Æne. Stand, ho! yet we are masters of the field; Never go home, here starve we out the night. call back the reading of the better copies, and then the senfe will be this; Night, fti kler-like, puts an end to the engage. ment, and separates the armies. I am apt to think Mc Pope did not know the word, or the office of the person intended by it. The French call these gentry moyenneurs, arbitres, persones interposees. In this very play, Diomede and Æneas are sliklers, to Ajax and Hedor in their combat, seconds to fee fair play, and arbitrate the duel. The word was familiar both to Ben Johnson and Beaumont and Fleicher:

Who is drawn hither by report of your cartels, advanced in court, to prove his fortune with your prizer, fo lle may have fair play thewa hin, and the liberty to chule bis Arcker.

Cruth'ri's Revels. lop: Ile keeps his fury hill, and may do mitchief. Alila Ile Ball be lianged luft; we'll be fricklersiliere, boys.

Sports Carache


Troi. Hector is slain.
All. Hector ! -the Gods: forbid !

Troi. He's dead, and at the murderer's horse's
In beatly fort dragged through the shameful field.
Frown on, you Heav'ns, effect your rage with speed;
Sit, Gods, upon your thrones, and smile at Troy!
I say, at once, let your brief plagues be mercy,
And linger not our sure destructions on.

Ænc. My Lord, you do discomfort all the host.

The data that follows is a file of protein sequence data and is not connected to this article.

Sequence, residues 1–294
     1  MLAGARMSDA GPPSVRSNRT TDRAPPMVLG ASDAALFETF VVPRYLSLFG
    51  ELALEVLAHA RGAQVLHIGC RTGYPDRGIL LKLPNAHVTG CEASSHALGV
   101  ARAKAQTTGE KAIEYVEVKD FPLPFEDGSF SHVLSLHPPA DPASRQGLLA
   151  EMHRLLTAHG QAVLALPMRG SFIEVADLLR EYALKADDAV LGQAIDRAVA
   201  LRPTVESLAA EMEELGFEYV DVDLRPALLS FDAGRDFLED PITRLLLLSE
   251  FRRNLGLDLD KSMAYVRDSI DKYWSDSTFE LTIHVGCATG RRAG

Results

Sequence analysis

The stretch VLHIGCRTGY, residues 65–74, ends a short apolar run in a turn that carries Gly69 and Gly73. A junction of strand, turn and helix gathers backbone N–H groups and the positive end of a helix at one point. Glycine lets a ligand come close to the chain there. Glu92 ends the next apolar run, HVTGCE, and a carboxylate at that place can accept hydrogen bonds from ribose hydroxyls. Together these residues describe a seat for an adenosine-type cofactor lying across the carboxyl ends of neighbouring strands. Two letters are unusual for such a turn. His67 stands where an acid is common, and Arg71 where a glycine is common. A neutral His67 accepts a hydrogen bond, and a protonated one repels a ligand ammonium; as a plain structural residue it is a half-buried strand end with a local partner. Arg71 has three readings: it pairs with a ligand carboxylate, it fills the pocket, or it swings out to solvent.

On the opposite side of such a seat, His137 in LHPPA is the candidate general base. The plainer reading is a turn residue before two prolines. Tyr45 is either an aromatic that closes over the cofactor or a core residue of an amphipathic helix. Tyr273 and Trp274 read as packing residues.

Troi. You understand me not, that tell me fo:
I do not speak of fight, of fear, of death,
But dare all imminence, that Gods and men
Address their dangers in. Hector is gone !
Who shall tell Priam fo, or Hecuba ?
Let him that will a scrietch-howl ay be called,
Go into Troy, and say there, Hector's dead:
That is a word will Priam turn to stone;
Make wells and Niobes of the maids and wives;
Cold statues of the youth; and, in a word,
Scare Troy out of itself. But march away,
Hector is dead; there is no more to say.
Stay yet, you vile abominable tents,
Thus proudly pight upon our Phrygian plains:
Let Titan rise as early as he dare, [coward !
I'll through and through you. And thou, great-fiz'd
No space of earth shall sunder our two hates;
I'll haunt thee, like a wicked conscience still,
That mouldeth goblins fwift as frenzy's thoughts.
Strike a free march to Troy! with comfort go:
Hope of revenge Thall hide our inward woe.

Pan. But hear you, hear you?


Troi. Hence, brothel-lacquey; ignominy, shame

[Strikes him. Pursue thy life, and live ay with thy name! [Exeunt.

Pan. A goodly medicine for my aking bones! Oh world! world! world! thus is the poor agent despised. Oh, traitors and bawds, how earnestly are you set at work, and how how ill requited! why should our endeavour be fo loved, and the performance fo loathed? what verse for it? what in. stance for it?let me see Full merrily the humble bee doth fing, 'Till he hath lost his honey and his iting; But being once fubdued in armed tail, Sweet honey and sweet notes together fail. Good traders in the flesh, set this in your painted cloths------As many as be here of Pandar's hall,


out, weep out at Pandar's fall; Or if

you cannot weep, yet give some groans, Though not for me, yet for your aking bones, Brethren and sisters of the hold-door trade, Some two months hence my will shall here be made: It should be now, but that my fear is this, Some galled goose of Winchester would hiss: 'Till then I'll sweat, and seek about for eases; And at that time bequeath you my diseases. [Exit